A Lot or a Little?
What you will—and won't—find in this TV show.
Each episode is a mission for Snoopy, and facts are shared throughout covering topics like growing food in space, astronaut food, moon rocks and craters, as well as historical snippets about NASA.
Believe in your dreams, and act to make them come true. Support your friend's goals. Teamwork makes the dream work. Determination and focus are keys to achieving great things.
Positive Role Models
Each character brings their unique personalities to the show: Snoopy is inventive, imaginative, and determined, Charlie Brown is cheerful, lacking his characteristic melancholy. Marcie is smart and science-obsessed, Franklin is a font of space knowledge, and Peppermint Patty is her tomboy, sporty self, and all the other characters are similarly true to the original cartoon. The Peanuts gang has smart and adventurous girls and kind and thoughtful boys. Franklin, who is smart and self-assured, is the only black character.
Parents Need to Know
Parents need to know that Snoopy in Space is a series about the iconic dog and his friends the Peanuts gang on a field trip to NASA. While there, Snoopy and Woodstock are tapped to be a part of an elite mission to the International Space Mission (ISS). The 8-minute episodes follow Snoopy, who through sneakiness and smarts, ends up going on an elite mission to the International Space Station as an astronaut. Back on Earth, the gang is involved in each mission; they share facts about NASA and space travel, educating young viewers in the process. Positive messages emphasize teamwork, belief in oneself, and determination. The Peanuts gang are good role models for young kids, with smart and adventurous girls and kind and thoughtful boys. With no violence or language concerns, this show is a treat for Peanuts fans of any age.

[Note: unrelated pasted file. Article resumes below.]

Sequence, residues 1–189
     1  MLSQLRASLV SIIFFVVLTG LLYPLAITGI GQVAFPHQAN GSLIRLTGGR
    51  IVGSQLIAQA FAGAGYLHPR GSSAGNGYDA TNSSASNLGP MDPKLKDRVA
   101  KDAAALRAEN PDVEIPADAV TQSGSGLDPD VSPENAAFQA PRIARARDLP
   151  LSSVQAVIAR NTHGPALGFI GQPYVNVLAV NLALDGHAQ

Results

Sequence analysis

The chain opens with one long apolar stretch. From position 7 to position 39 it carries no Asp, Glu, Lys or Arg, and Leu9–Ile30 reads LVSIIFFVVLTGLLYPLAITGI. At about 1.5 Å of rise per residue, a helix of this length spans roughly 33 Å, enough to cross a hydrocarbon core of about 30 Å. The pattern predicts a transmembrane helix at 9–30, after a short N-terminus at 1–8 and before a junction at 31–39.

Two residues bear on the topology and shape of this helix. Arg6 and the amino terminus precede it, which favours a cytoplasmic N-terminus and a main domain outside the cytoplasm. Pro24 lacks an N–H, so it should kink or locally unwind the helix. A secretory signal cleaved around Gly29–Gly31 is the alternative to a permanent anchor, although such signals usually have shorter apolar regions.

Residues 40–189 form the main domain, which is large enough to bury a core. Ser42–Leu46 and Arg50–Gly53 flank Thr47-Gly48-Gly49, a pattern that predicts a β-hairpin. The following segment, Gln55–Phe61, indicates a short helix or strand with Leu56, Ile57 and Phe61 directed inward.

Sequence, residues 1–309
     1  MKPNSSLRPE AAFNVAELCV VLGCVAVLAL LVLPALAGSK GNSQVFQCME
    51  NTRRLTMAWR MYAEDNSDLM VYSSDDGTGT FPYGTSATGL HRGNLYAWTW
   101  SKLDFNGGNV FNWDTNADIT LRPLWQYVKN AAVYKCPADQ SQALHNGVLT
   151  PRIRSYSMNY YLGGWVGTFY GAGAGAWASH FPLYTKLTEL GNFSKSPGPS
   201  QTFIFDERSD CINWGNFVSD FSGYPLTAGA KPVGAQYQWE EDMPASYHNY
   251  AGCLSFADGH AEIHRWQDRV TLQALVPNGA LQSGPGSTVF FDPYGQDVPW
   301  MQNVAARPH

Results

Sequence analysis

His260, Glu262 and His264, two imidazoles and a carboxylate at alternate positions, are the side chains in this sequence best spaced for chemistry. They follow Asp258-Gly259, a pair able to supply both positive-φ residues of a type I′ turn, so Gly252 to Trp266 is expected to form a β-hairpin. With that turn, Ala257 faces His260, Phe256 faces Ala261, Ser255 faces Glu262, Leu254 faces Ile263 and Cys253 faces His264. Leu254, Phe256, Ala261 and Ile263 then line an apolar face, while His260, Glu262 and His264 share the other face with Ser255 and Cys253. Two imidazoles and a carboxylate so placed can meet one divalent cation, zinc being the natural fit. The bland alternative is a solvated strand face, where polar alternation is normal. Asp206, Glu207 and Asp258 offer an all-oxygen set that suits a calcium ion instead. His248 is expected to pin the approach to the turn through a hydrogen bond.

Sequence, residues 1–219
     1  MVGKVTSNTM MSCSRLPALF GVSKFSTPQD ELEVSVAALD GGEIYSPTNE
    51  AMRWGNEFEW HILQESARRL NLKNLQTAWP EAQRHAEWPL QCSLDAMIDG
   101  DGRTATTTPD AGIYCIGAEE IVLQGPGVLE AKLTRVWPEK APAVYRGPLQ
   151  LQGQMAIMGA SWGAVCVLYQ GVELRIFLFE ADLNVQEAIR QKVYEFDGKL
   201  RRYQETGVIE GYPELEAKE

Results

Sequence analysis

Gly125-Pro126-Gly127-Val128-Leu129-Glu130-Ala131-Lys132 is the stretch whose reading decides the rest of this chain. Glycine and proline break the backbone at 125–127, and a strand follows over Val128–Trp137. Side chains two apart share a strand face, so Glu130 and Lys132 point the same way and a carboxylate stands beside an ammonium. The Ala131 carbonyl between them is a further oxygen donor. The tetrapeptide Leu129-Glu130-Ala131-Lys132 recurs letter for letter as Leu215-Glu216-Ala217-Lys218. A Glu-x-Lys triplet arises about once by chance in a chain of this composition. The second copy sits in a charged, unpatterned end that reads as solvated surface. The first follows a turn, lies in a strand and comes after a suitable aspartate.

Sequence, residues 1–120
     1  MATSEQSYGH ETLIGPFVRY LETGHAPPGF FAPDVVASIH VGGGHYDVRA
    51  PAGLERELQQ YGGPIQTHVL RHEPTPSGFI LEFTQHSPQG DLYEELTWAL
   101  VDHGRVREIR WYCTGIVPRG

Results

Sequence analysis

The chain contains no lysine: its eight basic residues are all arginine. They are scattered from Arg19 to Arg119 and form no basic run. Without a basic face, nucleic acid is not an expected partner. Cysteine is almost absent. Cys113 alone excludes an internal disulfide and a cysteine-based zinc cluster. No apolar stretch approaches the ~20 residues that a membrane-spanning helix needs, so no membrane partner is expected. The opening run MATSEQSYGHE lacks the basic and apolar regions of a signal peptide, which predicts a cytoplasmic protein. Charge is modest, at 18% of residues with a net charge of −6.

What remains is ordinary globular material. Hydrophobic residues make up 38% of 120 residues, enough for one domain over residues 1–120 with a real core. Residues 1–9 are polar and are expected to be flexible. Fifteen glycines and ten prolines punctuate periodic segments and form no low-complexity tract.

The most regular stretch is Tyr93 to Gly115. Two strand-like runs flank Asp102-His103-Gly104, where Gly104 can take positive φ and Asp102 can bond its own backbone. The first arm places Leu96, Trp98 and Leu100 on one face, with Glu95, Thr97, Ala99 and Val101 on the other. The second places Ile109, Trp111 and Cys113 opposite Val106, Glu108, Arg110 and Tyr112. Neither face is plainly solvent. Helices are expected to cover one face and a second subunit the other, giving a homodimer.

Is It Any Good?
This charming and educational reboot of the Peanuts cartoon pays homage to the original with all the familiar characters and art style, but with sharper, more modern details. The backdrops in particular give scenes a deeper, more 3D feel. The twelve 8-minute episodes are packed with Snoopy and Woodstock's laugh-worthy antics and efficiently dole out bite-sized space facts designed to inspire would-be kid astronauts.
The educational aspect doesn't feel heavy-handed and is often repackaged in ways that support kid viewers in retaining the information. Absent here are the sometimes gloomy, adult-like conversations and situations the characters faced that gave the original cartoon and comic strip its bent of childhood wisdom, which might be missed by adult fans of the classic, but this won't be an issue for kids. What could be an issue is that with such short episodes, a new generation of Snoopy fans will want more space adventure fun.
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